One possibility is that AVs will eliminate bus drivers.  In FY 2017, out of a $426M total expenses, VTA spent $307M (72%) on labor (pg 51 & 54, VTA FY1819 Budget).  Not all employees are bus drivers but Electric Vehicles (EVs) also require far less maintenance so maintenance staff will be smaller.  A large part of the costs of public transit would disappear with AVs which are also EVs.

The end of buses?  Certainly the end of big bulky buses on fixed routes.  Even if buses survive they will have dynamic routes driven by demand.  Buses the size of mini-vans might come to passengers in on-demand car-pooling instead of people needing to find a bus stop and wait for a scheduled time.

We don't know how much of an impact CaaS will have.  If people were purely rational about costs of transport certain car makers wouldn't exist.  We can't assume everyone is solely concerned with lowest cost.
Replace me with ride sharing?

People Driving Less?

In 2011, a Public Interest Research Group study suggested people were driving less but "[the] study examined multiple variables—population density, median household income, frequency of working from home—and found only a rough correlation between more urban populations and lower VMT.

"Nationwide, urban residents drive about 9,930 miles per year, while rural residents drive an average of 14,850 miles."  California's VMT/person is a little lower than average but not by much. See chart below from:

We should also look at fuel economy per passenger mile since that equates very closely with GHG emissions (click to enlarge):
What we see above is that transit buses are one of the most inefficient users of fuel at effectively 32 miles per gallon per passenger.  This is less than light trucks and cars.  The reason is that while buses may be packed at rush hour, people won't take them at rush hour unless they know the buses are also available at off hours.  So most of the time, buses are running at 25% of their capacity or less.  cars are often single passenger but they also take kids and entire families places so miles per passenger are better.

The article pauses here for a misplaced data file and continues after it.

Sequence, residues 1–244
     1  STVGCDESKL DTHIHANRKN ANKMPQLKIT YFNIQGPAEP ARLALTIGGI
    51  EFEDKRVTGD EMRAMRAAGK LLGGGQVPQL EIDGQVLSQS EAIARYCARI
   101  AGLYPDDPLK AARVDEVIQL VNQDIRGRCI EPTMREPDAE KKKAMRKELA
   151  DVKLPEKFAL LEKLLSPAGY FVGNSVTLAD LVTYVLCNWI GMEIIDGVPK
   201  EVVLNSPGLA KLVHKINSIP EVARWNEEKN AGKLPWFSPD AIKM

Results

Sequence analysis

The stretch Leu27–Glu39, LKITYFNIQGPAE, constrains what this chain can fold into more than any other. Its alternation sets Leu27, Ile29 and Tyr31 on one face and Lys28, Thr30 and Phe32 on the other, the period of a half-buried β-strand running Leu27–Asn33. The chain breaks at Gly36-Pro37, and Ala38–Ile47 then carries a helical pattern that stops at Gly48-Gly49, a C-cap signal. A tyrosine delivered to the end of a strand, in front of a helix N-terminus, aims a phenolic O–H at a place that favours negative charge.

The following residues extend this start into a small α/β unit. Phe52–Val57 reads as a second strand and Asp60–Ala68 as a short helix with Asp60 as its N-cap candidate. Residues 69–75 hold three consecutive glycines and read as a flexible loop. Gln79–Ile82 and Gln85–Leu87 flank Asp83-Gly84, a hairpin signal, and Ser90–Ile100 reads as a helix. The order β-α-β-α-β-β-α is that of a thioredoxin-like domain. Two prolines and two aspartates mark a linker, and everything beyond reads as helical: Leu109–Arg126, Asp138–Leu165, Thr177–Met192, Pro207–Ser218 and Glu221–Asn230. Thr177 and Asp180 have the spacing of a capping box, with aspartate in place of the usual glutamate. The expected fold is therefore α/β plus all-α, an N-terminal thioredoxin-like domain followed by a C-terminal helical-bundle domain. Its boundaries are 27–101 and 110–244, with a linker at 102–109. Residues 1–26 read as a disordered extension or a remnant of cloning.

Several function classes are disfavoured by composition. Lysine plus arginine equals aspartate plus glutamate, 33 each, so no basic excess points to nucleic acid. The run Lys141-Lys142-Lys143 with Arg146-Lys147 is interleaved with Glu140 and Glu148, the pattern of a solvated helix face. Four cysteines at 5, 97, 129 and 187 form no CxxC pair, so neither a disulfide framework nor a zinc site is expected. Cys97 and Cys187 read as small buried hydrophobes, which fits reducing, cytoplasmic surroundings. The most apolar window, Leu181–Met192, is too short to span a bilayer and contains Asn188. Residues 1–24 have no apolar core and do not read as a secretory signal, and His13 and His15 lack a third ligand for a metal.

Buses are essential to provide transport to many people who for excellent reasons don't drive cars.  They are important to ease congestion during rush hour.  The subsidies provided them are necessary for those and other reasons.  But buses shouldn't be romanticized as the one big solution to any problem. They are just one part of a transport complex with good points and not so good points.

Millennials Are Just Like You and Me!

A few years ago there was talk that "millennials" are different and preferred urban environments and walking to work and public transit.  In 2007 we saw car Vehicle Miles Traveled (VMT) turn down for a few years for the first time since WW-II.  The hope was that public transit would grow.  That started changing in 2011-2012 and we are back on an upward VMT trend both overall - blue line below - and per capita - orange line below. (click on graph to enlarge).

Vehicle Miles Traveled Rises to New Record
VMT per Capita Near Previous Record
It turns out Millennials aren't different - they were just broke from college debt and the Great Recession.  Now that's over they seem to be following in the footsteps of earlier generations and getting SUVs to commute to their house in the suburbs.  About 42% of home buyers are Millennials - 83% of home buyers' first choice is a single family house - only 20% will also look at townhouses - and it goes down from there.  This means more suburban sprawl.  Whatever you think of sprawl, it is a fact of life.  Most people (by no means all) want detached homes and the main way to get that is to move to the suburbs.   We have to deal with people as they are, not as some might wish them to be.